Regardless of origin, any weight problem will be intensified by dieting and can be corrected - but only by working with the body to increase the metabolism.

If my metabolism is already slow, what effect will dieting have?

If you have a slow metabolism to begin with, each time you go on a diet, you will slow it down even more. Eventually, you may reach the point where you will never be able to eat like a normal person again.

For example, Betty, a 47-year-old, went to a weight control clinic at a leading university and did not lose weight even though she was permitted only several servings of rice a day. She was finally given an even more rigid starvation diet of 1/2 grapefruit 3 times daily before she began losing weight. The weight she lost was quickly regained plus more, as soon as she returned home. She had spent thousands of dollars to end up with her metabolism even slower, and an increase in weight! She is now in a wellness lifestyle program, and has lost over 56 pounds, is still averaging a loss of 1-2 pounds weekly plus she has had her insulin medication reduced by half, and her blood pressure medication totally eliminated. She is eating more than she did before, losing weight and none of her favorite foods have been eliminated.

Why did my doctor put me on a low calorie diet to lose weight?

Doctors receive very little, if any, nutrition education. As a nurse it was very embarrassing for me to be asked a question about nutrition. I had received very little education in that field, and yet most people expected me, as a nurse, to know about nutrition.

With all the new research on drugs, diseases, medical procedures, treatments, etc., it is almost impossible for medical doctors to keep abreast of all the new material and research just in medicine alone. For this reason, it seems unreasonable to expect them to be just as expert in nutrition.

I seem to gain a little more with each diet I try. Why do I regain more weight after I go off a diet and end up heavier than I was before I started?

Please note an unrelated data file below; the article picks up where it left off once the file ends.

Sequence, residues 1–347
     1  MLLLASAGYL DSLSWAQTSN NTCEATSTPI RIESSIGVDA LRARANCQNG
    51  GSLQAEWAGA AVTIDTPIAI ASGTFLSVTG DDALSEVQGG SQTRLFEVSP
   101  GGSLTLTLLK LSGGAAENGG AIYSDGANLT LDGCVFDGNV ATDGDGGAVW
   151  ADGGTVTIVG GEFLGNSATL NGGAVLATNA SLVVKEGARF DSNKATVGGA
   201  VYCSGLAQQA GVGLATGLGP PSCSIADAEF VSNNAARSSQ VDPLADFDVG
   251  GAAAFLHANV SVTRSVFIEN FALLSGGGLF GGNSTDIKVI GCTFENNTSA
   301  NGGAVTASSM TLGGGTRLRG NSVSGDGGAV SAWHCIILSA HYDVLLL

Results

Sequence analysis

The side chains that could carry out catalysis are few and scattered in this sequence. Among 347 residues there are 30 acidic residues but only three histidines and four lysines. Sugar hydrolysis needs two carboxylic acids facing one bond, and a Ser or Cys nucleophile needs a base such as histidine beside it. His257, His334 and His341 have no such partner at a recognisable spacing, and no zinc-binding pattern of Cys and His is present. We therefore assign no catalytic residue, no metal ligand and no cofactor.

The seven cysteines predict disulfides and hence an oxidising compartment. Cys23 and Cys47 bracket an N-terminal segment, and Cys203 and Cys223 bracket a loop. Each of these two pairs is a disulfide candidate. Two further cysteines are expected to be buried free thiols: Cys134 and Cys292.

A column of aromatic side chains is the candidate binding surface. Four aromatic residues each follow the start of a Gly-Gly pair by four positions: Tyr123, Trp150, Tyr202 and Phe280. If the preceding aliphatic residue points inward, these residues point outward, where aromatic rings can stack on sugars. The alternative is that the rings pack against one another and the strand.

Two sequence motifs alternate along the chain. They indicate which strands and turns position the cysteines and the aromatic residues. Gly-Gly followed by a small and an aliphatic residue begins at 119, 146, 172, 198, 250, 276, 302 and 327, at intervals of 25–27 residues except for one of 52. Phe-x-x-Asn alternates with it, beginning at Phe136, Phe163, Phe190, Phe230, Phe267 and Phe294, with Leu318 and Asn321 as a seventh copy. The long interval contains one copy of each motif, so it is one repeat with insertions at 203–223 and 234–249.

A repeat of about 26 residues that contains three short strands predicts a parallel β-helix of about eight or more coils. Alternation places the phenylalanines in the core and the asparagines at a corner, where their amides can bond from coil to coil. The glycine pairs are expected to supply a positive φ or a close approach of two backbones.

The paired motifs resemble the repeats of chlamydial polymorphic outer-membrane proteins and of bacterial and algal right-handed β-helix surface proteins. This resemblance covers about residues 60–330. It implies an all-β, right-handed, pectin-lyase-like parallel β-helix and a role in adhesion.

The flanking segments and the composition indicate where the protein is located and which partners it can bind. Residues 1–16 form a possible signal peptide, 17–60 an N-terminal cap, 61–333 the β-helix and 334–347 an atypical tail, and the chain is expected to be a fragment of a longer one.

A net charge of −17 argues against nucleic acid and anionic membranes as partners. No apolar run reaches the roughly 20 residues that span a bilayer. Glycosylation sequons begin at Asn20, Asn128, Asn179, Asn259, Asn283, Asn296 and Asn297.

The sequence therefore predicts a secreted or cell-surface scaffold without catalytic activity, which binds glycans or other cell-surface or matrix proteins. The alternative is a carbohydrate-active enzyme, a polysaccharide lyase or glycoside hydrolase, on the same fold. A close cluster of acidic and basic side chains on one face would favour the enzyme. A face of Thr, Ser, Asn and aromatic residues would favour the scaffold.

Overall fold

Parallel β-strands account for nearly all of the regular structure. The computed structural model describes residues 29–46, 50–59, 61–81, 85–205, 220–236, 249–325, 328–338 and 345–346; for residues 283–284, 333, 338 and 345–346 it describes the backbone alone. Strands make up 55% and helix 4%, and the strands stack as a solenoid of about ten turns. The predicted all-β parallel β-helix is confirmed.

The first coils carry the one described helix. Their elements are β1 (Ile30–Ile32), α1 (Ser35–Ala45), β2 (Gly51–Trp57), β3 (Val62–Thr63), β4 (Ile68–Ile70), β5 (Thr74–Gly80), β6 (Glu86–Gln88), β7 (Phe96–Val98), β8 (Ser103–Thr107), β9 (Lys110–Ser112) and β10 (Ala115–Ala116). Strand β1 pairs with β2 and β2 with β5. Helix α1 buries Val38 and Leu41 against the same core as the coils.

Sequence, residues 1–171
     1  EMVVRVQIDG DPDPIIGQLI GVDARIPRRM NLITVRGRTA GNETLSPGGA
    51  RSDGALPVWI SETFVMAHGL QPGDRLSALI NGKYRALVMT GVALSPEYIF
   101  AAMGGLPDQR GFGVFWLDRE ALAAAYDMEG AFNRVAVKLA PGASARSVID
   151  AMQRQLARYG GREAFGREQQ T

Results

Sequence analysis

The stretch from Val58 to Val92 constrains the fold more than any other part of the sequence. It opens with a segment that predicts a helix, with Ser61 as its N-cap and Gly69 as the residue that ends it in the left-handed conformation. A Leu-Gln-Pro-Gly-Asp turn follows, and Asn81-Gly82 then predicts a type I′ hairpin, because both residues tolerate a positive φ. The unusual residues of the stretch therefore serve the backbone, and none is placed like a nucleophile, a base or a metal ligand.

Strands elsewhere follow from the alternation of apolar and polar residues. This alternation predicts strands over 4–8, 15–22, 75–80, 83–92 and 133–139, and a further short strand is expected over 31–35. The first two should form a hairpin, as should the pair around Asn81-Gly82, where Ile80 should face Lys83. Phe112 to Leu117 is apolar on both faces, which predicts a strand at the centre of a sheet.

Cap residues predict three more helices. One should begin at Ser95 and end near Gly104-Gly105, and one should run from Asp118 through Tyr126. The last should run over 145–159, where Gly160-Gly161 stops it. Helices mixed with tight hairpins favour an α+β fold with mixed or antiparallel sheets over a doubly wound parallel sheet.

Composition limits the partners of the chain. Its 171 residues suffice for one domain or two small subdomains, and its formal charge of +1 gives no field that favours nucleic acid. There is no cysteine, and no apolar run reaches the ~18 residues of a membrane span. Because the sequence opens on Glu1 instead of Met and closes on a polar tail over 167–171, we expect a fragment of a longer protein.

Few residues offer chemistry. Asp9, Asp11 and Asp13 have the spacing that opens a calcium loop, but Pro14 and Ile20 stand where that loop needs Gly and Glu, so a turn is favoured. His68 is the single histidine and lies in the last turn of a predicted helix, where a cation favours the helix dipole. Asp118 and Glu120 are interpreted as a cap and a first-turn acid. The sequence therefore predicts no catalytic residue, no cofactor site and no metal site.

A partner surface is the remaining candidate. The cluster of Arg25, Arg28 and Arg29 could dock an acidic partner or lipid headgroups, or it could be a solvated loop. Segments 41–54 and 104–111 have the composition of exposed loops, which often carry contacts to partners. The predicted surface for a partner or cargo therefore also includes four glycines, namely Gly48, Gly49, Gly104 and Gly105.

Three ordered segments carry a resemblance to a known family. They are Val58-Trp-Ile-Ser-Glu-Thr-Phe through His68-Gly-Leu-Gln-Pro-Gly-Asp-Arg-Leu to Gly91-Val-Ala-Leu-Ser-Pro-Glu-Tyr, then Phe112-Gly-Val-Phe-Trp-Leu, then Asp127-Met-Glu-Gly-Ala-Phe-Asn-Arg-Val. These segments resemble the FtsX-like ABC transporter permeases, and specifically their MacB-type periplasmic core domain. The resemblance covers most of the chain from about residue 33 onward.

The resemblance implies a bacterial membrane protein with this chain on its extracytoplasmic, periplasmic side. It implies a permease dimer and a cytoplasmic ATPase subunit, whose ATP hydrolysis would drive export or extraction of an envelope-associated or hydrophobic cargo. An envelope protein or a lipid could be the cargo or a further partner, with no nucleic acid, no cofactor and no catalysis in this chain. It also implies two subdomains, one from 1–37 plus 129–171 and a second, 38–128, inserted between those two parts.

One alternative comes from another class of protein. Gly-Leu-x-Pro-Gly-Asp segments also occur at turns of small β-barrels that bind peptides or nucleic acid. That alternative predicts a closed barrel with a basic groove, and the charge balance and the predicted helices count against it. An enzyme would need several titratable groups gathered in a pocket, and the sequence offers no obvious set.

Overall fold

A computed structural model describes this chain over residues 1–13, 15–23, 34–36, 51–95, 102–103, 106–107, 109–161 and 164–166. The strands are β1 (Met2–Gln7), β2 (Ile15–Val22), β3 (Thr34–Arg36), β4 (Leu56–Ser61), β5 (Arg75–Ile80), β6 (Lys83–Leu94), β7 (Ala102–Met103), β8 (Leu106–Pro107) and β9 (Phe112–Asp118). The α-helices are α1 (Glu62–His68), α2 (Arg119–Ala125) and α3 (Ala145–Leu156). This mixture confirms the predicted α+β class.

Dieting slows down your metabolism more with each subsequent diet. In a recent research study, even normal-weight people who dieted for only a few weeks had a 15-30 percent reduction in metabolism. This means you are burning calories at an even slower rate than you did before the diet. When you begin eating the same calories as before, you will be burning them slower, and more will be used for fat storage with less for energy, which will cause an increase in body fat and weight.

In addition, fat producing enzymes, AT-LPL for example, will be four or more times active in fat storing activities after dieting than before, which will also add to weight increases.

To top it all off, lean tissue is part of the weight you lose through dieting. Not only is health compromised but so is your weight. Consider that lean tissue will burn up to 70 calories per pound per day - fat burns about 2 calories per pound per day.

Studies show that there is an average increase of 5 percent in total fat weight after a diet attempt, so you are very typical in gaining back more than you lost after dieting. This is part of the futility and frustration of dieting.

There will be more questions and answers next week - stay tuned!

Rhodes, B.A., M.A., is a Nutritionist Wellness Lifestyle Strategist, Author and Director of Rhodes Preventive Health Institute in Hagerstown.